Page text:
A lack of fresh air was found in a deep London Underground station, and air pollution is at its worst during the evening rush hour, according to new research led by the University of Surrey, which was conducted as part of the Engineering and Physical Sciences Research Council-funded INHALE project.
Surrey’s Global Centre for Clear Air Research (GCARE) collected airborne particulates on a deep-level (around 18 meters below ground) platform in South Kensington station. The results found that the underground environment they tested exceeded the World Health Organization air quality guidelines for fine and coarse air pollution particles*, although remains well within the limits set by the Health and Safety Executive.
The pollution collected was analysed using an electron microscope by Imperial College London to test their makeup, which detected tiny amounts of ultrafine (100 nanometers or less) particles, including iron, manganese and traces of chromium and toxic organic matter.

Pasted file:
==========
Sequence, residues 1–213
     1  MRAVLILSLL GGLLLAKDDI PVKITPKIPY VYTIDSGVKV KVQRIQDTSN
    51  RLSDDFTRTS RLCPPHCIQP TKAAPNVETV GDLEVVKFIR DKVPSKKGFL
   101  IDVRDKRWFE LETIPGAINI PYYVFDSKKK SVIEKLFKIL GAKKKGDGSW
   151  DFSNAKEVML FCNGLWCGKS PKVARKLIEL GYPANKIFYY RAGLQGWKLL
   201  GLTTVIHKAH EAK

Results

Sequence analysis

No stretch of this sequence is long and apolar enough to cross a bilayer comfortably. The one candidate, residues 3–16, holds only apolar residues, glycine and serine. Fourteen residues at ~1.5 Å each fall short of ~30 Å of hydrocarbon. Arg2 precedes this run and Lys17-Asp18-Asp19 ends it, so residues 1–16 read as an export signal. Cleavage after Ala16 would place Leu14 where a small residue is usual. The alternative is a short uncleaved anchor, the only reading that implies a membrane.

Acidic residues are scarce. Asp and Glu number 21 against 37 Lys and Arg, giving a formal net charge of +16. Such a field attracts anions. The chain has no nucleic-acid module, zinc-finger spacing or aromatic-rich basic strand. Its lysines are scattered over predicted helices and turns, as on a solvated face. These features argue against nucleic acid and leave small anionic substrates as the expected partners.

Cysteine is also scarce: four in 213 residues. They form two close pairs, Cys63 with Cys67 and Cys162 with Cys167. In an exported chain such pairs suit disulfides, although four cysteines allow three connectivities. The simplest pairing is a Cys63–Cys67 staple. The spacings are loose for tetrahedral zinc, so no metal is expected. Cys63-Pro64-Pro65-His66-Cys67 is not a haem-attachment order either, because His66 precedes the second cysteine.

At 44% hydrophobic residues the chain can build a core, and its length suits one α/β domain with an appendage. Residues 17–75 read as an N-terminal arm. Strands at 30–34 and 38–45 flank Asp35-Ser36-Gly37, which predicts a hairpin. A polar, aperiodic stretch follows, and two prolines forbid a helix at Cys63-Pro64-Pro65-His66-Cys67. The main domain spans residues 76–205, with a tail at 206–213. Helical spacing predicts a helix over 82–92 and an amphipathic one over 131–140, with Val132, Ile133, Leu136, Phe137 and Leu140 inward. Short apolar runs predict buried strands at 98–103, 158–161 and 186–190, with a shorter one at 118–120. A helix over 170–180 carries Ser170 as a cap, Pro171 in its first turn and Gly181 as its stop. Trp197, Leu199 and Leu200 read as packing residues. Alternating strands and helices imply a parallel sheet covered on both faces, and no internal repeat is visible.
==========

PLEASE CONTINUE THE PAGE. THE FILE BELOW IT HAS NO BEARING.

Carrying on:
Professor Prashant Kumar, study lead and Director of GCARE at the University of Surrey, said:
“More work needs to be done to understand how the metal traces in the small airborne particles impact people’s health. In the meantime, we recommend that consideration is given to improving ventilation on the London Underground where possible.
“We accept that air pollution on platforms is a very complex problem to solve and that an effort is being made to clean the Underground during quieter periods. Our team points to the newly opened Elizabeth Line as an example of good practice — in particular, the use of a screen between the train and the platform to protect passengers from pollution caused by the trains.”
The monitoring and collection of particles took place on the eastbound Piccadilly Line platform in South Kensington station, which also serves the District and Circle Lines. The Piccadilly Line is a deep-level line that is relatively closed to outside air.
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